Entrepreneurship is trending in Boston, and universities are rushing to join the party. The latest is Boston College, which plans to open the new Edmund H. Shea Jr. Center for Entrepreneurship this winter.
The center was established with a donation from the family of Shea, an entrepreneur and venture capitalist who died in 2010 at age 80. His notable investments included Adobe, Compaq, Activision, and Peet’s Coffee & Tea.
Boston College plans to officially open the center in December or January, executive director Jere Doyle said Thursday. In the meantime, it has assembled a staff and is planning a pair of warm-up events in the fall.
Once opened, the Shea Center will be a space for undergraduate and graduate students to study entrepreneurship and prepare for starting their own companies or joining a startup after graduation. The center also plans to be a focal point for entrepreneurship research at the school.
Doyle, who has founded marketing companies and is an investor and advisor to young companies, said his activity in the startup world convinced him that BC needed to ramp up its efforts.
“I started talking to some of the administration at Boston College and said, `we’ve got to do more with entrepreneurship at BC,'” Doyle said at an event for Soaring Startup Circle, a startup accelerator created by BC alumni.
The same idea has caught on around the greater Boston area’s higher-education sector in recent years, and Doyle said he spent time at Harvard to gain insight into launching the new BC effort.
Harvard’s Innovation Lab was founded in late 2011 as a resource for its students interested in entrepreneurship and innovation, offering office space, startup coaching, and guest speakers. Some of its notable alumni include on-demand home-services startup Handy and personal assistant service Hello Alfred.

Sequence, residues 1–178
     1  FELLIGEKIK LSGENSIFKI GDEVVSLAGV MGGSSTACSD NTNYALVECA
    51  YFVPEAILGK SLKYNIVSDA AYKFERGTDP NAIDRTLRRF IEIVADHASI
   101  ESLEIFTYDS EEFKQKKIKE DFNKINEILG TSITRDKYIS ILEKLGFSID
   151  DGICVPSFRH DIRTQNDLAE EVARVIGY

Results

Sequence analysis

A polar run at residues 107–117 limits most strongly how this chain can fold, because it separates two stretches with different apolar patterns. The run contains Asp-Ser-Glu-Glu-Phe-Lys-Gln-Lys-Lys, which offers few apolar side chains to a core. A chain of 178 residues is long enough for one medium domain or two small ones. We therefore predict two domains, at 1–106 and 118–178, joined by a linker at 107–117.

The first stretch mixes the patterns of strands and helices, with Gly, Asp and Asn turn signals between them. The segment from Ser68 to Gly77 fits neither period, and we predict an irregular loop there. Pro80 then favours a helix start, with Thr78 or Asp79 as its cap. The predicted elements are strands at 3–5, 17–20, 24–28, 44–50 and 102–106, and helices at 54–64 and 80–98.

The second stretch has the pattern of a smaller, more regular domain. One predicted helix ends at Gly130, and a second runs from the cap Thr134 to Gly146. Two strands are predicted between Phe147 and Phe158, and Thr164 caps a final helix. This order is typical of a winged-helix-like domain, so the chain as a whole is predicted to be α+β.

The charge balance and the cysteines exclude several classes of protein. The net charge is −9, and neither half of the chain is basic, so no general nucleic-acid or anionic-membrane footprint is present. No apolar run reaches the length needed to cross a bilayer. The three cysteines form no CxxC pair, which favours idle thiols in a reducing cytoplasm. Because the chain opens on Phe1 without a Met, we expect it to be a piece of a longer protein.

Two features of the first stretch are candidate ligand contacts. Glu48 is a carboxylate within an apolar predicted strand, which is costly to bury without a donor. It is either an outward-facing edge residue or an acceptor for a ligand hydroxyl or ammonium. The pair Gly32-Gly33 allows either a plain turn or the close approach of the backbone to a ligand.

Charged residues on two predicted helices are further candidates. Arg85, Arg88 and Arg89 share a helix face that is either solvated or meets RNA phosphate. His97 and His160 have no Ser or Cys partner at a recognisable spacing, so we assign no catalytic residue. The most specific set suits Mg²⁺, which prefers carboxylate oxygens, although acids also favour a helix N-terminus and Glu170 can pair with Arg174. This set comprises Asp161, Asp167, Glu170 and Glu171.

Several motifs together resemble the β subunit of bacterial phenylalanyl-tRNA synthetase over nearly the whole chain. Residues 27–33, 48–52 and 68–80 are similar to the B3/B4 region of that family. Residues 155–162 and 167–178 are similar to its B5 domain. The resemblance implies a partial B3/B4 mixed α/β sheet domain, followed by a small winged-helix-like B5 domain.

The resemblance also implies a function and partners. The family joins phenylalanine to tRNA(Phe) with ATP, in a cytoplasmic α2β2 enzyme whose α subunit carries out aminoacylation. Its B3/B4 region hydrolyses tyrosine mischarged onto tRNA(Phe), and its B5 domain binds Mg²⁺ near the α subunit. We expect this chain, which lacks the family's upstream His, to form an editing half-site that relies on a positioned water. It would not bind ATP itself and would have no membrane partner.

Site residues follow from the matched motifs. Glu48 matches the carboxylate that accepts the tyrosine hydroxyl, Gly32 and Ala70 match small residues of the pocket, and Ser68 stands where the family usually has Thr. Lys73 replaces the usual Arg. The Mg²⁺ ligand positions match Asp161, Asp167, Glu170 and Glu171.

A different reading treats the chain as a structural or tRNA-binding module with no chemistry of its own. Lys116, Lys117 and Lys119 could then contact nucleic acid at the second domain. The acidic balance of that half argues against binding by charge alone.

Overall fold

Northeastern University’s IDEA, a student-run venture accelerator, was founded in 2009. The Martin Trust Center for MIT Entrepreneurship, meanwhile, has been around since 1990, while Babson College has operated a highly ranked entrepreneurship graduate program for many years.
The spread of college entrepreneurship programs is spurred in part by the current surge in tech startup investment: more than 3,000 startups have been created in the Boston area in the past seven years, according to online investment service AngelList.
Colleges hope that formal entrepreneurship centers can keep those entrepreneurs in the fold, rather than seeing them flee campus to pursue their dreams — two of Harvard’s more famous dropouts are Microsoft co-founder Bill Gates and Facebook co-founder and chief executive Mark Zuckerberg.
Boston College already lays claim to some startup success stories, including liquor-store delivery app company Drizly, which was co-founded by two alums. On its website, the school says that it has tracked more than $100 million in startup funding for companies launched by recent graduates.
Doyle said the Shea Center hopes to boost that track record.
“The idea is to really teach students at Boston College and expose them to entrepreneurs,” he said. “My big belief is there is truly only one way to learn entrepreneurship. That’s by hearing other entrepreneurs.”